Sports Law • Risk Management

September 27, 2010: Skier Assumed Risk of Injury by Snowboarder

In a recent case, Bell v. Dean, __A.2d __, 2010 WL 3211956 (Pa.Super. August 16, 2010), Plaintiff Bell, a skier, brought a personal injury action against Dean, a snowboarder, claiming that he sustained injuries arising out of a collision at Ski Roundtop, a recreational ski area. The accident occurred while they were both progressing down Ramrod, an “expert level” ski slope. Bell claimed that Dean was snowboarding at a high rate of speed down the steeper “headwall” of the slope and failed to keep a proper lookout, and by doing so was negligent. Bell was traversing the slope as part of his position as a Certified Ski Patroller, which position he had held for 44 years.

The lower court granted summary judgment in favor of Defendant. Plaintiff Bell appealed. The appellate court cited another case which concluded that “the risk of colliding with another skier is one of the common, frequent and expected risks inherent in downhill skiing. Indeed, other skiers are as much a part of the risk in downhill skiing, if not more so, than the snow and ice, elevation, contour, speed and weather conditions.” Hughes v. Seven Springs Farm, Inc., 563 Pa. 501, 762 A.2d 339 (2000). Accordingly, the court concluded that “Bell’s injury arose from the ‘general risk’ of colliding with another skier or snowboarder. Notably, this risk has been deemed inherent to the sport of downhill skiing and one that Bell assumed by participating in the sport.” The facts did not support a conclusion that Dean intentionally struck Bell or that Dean was snowboarding out of control.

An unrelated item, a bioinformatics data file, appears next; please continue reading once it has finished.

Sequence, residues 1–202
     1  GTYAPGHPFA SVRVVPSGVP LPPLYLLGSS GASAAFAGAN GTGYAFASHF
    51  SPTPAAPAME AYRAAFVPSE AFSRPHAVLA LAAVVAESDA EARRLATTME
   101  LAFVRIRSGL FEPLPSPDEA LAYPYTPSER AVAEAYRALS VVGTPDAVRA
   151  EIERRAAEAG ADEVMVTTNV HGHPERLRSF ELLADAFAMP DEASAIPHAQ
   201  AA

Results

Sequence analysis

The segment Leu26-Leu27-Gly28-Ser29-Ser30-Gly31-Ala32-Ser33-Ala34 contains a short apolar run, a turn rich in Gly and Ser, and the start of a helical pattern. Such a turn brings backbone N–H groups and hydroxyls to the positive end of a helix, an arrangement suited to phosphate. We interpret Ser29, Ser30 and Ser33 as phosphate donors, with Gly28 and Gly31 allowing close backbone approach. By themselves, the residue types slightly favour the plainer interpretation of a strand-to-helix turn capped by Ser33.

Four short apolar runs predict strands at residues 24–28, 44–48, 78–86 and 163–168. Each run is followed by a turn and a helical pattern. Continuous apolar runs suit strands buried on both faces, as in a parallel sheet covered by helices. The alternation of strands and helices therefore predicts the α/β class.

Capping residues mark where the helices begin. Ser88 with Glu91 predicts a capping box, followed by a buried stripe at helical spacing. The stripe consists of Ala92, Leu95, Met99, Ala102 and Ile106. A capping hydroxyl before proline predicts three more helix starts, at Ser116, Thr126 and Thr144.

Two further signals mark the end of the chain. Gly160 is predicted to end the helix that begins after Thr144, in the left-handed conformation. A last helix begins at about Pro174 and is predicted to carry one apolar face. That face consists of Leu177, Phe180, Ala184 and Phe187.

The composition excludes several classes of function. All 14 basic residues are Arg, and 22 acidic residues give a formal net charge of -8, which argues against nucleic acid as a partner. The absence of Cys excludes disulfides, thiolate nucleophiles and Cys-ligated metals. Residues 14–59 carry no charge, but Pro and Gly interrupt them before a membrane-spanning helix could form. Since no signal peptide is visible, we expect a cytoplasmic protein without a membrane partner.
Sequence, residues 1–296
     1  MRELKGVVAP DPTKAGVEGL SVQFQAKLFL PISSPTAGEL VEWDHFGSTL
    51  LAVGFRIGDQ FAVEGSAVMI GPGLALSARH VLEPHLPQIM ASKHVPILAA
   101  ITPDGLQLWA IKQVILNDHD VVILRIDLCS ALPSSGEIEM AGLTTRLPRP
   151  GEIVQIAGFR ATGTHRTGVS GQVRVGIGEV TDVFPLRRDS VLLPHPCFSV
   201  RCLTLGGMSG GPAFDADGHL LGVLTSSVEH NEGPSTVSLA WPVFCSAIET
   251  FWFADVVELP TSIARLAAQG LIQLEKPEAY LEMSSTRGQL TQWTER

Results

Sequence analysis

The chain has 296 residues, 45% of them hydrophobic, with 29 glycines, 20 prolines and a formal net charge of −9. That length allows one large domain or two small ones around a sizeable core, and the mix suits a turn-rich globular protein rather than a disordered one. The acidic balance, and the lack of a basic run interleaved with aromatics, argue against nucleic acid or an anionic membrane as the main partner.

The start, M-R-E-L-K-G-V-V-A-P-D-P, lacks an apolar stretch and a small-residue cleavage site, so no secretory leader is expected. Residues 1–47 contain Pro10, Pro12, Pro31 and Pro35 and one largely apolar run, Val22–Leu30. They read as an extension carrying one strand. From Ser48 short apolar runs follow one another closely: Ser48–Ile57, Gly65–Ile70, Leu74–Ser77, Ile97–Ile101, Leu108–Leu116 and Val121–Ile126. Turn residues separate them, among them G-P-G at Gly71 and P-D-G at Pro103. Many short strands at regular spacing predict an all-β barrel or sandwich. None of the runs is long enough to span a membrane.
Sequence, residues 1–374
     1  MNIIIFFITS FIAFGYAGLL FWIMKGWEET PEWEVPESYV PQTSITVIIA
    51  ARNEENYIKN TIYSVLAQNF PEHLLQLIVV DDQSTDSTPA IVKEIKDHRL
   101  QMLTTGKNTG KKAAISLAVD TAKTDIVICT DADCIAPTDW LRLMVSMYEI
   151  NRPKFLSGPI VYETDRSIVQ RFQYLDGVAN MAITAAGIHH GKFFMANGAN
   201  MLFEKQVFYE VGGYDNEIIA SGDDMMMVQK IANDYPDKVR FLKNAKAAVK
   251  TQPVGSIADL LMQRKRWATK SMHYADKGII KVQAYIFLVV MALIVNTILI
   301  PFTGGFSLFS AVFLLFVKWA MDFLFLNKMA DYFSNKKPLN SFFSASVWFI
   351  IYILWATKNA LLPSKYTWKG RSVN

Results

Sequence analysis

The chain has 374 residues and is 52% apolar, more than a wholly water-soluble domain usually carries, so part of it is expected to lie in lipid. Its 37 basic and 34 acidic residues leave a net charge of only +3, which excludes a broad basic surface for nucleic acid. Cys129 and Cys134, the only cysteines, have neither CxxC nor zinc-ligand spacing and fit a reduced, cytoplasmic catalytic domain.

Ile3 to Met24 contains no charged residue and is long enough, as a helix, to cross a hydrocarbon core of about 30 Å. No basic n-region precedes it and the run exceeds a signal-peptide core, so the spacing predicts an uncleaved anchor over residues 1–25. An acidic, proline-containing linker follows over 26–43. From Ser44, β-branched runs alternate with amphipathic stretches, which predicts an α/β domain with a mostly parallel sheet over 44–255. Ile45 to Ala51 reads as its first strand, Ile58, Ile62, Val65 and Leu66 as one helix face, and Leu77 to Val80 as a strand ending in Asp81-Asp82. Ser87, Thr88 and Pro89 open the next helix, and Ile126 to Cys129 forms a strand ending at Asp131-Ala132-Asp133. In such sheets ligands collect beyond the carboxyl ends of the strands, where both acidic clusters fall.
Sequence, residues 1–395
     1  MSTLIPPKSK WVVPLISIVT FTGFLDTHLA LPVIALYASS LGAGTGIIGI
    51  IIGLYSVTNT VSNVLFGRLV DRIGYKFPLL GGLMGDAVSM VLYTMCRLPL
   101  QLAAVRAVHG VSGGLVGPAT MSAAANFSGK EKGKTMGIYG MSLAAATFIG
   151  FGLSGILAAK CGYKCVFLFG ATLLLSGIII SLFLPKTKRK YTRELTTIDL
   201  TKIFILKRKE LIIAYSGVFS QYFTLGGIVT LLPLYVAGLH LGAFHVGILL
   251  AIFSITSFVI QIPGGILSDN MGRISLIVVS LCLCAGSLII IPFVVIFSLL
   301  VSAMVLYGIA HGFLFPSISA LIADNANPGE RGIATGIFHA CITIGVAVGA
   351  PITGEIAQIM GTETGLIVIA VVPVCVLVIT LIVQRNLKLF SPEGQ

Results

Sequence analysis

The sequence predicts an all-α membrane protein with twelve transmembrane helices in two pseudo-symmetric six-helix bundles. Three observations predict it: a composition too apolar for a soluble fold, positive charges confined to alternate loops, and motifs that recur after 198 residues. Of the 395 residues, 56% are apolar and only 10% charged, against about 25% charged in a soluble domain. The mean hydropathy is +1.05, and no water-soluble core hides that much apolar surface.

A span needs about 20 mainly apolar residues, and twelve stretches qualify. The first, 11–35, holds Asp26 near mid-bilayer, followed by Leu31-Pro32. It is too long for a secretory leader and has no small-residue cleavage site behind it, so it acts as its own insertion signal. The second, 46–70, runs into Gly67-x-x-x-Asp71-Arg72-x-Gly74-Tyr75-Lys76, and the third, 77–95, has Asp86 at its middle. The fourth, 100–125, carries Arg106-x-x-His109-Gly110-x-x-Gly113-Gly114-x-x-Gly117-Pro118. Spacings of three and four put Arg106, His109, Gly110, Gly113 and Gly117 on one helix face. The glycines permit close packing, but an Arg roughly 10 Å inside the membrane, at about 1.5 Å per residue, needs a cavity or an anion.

The court noted that the Pennsylvania “legislature has expressly recognized that the sport of downhill skiing is an economic interest to this Commonwealth and that there are risks inherent to the sport. Or legislature has accounted for these risks by preserving the common law doctrine of assumption of the risk in this area.”

This is an example of another case in which assumption of risk has applied in support of the public policy of allowing the free play of sport, without interference by the courts.